5 Steps to Move Your Fitness Routine Outside

Fresh air, sunshine and new surroundings can do wonders for your workout. Learn how to safely transition your routine outdoors.

Three women power walking on a sunny path in a park

by NEA Member Benefits

Even if you love the cold, chances are the polar vortex has kept many of you exercising indoors a lot more this winter. Now that it’s spring, you can ditch your four walls for sunshine and fresh air. “Exercising in natural surroundings improves self-esteem, improves your mood and sleep and taking in the scenery beats workout boredom,” says Cathleen London, triathlete and an MD in family practice in New York City.

So if you’ve been trapped indoors, try these five tips to help make your transition from inside to outdoors a safe and rewarding one.

1. Start by viewing the world as a big outdoor gym. Enjoy the fresh air, a change of scenery and be creative! Plan a new walking route, find a peaceful hiking trail or join an outdoor pool. Many neighborhoods have playgrounds, jungle gyms and walking paths that can take the place of indoor equipment. Or walk the outdoor track at your school as part of your routine.

An added bonus: Just going outside encourages being active, whether you’re working in the yard, walking to the store or playing with your dog. You’ll have more opportunities to exercise, without having to view it as formal workout time. It becomes play. “Without realizing it, you’re adding 30 minutes to two hours of exercise,” depending on the activity, says Dr. London. “Plus you’ll feel less stressed.”

2. Learn your route beforehand. Whether you decide to power walk down the city streets or mountain bike along a remote wooded trail, the distractions of your surroundings take your mind off the work of working out. As a result, you’ll end up going a lot farther than if you’d been walled in. “You can press ‘stop’ on a treadmill, but you can’t turn back time after you’ve walked or jogged three or more miles,” says Kristin Anderson, a personal trainer in West Hollywood. Learn about the area where you want to exercise so you can familiarize yourself with hills, traffic patterns, unpaved surfaces and flat stretches. This will help you gauge how far you’ll want to go so you won’t overdo it, plus it will help keep you from getting lost.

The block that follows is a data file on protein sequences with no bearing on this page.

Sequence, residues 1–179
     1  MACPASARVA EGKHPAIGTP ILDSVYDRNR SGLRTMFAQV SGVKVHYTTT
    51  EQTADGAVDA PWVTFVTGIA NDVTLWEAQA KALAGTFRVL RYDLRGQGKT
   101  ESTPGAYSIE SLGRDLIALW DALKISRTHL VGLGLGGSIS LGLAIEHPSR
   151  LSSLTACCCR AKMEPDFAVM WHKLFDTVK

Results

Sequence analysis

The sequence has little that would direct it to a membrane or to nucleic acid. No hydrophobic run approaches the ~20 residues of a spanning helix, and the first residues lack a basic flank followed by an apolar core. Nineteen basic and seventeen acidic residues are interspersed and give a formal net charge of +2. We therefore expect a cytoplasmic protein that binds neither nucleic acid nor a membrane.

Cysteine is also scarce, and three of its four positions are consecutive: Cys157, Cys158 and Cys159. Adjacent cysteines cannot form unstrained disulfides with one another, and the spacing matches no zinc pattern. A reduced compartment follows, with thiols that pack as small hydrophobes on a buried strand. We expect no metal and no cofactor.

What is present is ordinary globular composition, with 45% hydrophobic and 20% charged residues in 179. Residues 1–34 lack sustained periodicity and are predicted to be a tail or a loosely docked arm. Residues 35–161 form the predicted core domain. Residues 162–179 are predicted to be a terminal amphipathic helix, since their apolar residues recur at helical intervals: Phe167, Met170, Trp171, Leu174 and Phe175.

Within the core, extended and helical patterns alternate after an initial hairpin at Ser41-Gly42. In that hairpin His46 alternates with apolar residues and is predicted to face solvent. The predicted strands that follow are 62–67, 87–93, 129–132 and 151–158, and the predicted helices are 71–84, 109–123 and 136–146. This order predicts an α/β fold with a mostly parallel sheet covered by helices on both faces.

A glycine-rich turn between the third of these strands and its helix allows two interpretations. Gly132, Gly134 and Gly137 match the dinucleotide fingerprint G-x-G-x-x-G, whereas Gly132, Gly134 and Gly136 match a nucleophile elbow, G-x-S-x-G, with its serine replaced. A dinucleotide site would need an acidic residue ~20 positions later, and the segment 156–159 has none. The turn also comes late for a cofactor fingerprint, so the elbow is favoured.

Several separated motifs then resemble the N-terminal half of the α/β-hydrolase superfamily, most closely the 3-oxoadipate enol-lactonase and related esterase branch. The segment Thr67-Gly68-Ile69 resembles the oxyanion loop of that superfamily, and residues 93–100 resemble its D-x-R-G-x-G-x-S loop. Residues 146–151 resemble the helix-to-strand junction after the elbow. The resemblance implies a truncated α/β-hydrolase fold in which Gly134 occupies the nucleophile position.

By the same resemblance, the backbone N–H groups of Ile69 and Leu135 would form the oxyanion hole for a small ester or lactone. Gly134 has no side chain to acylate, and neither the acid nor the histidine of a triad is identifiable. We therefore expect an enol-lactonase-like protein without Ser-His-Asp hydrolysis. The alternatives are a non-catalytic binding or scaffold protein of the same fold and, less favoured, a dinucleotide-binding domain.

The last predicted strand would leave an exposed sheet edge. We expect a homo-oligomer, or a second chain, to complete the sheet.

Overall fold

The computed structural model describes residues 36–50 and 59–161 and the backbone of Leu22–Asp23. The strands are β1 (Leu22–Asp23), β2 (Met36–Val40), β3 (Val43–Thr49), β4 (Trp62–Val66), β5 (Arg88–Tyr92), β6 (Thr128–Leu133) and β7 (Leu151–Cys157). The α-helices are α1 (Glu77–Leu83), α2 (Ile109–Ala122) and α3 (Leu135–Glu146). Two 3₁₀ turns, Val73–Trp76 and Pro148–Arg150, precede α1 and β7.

3. Transition from treadmill to terrain. Now that you have your route or activities in mind, understand that walking or running on uneven surfaces engages more muscles, particularly the ones in your feet, ankles and shins. It also works all the core muscles in your torso including your abs, back and pelvis; it’s their job to keep you stabilized and help with balance. You may be perfectly fine on a treadmill but end up in pain after running or walking outside. “If you have soreness in those rarely used smaller muscles below the knee,” for example, “take a day or two off and then resume without going as far,” says Viktoria Telek owner of the South Beach Bootcamp in Miami. Start out small, especially if you are new to exercising outside, and build up to longer workouts.

4. Suit up right. Regardless of the temperature, wearing properly fitted, supportive clothing and sneakers is crucial for any outdoor workout. Dress for 20 degrees warmer than it actually is so you’re comfortable when your body warms up, and consider wearing a piece you can shed in case you get too hot. When shopping for your perfect shoe, ask a salesperson for help and tell her about any injuries or concerns you have. Be sure to wear a shoe meant for your specific activity. If you’re used to wearing a watch, pedometer or heart rate monitor indoors, feel free to take them outside, too. And don’t forget your water bottle so you can stay hydrated.

5. Find your tribe. If you need some added structure to help you get out the door, check out your local community centers and your department of parks and recreation for free or low-cost memberships to pools, tennis courts and more. Go online and look for outdoor fitness meetup.com groups such as yoga, bootcamp and kettlebell, or connect with other runners, walkers, paddlers and even stroller power walkers. Find a walking club at mywalkingclub.org or find trails nearby for hiking, skiing, rock climbing and more at everytrail.com.

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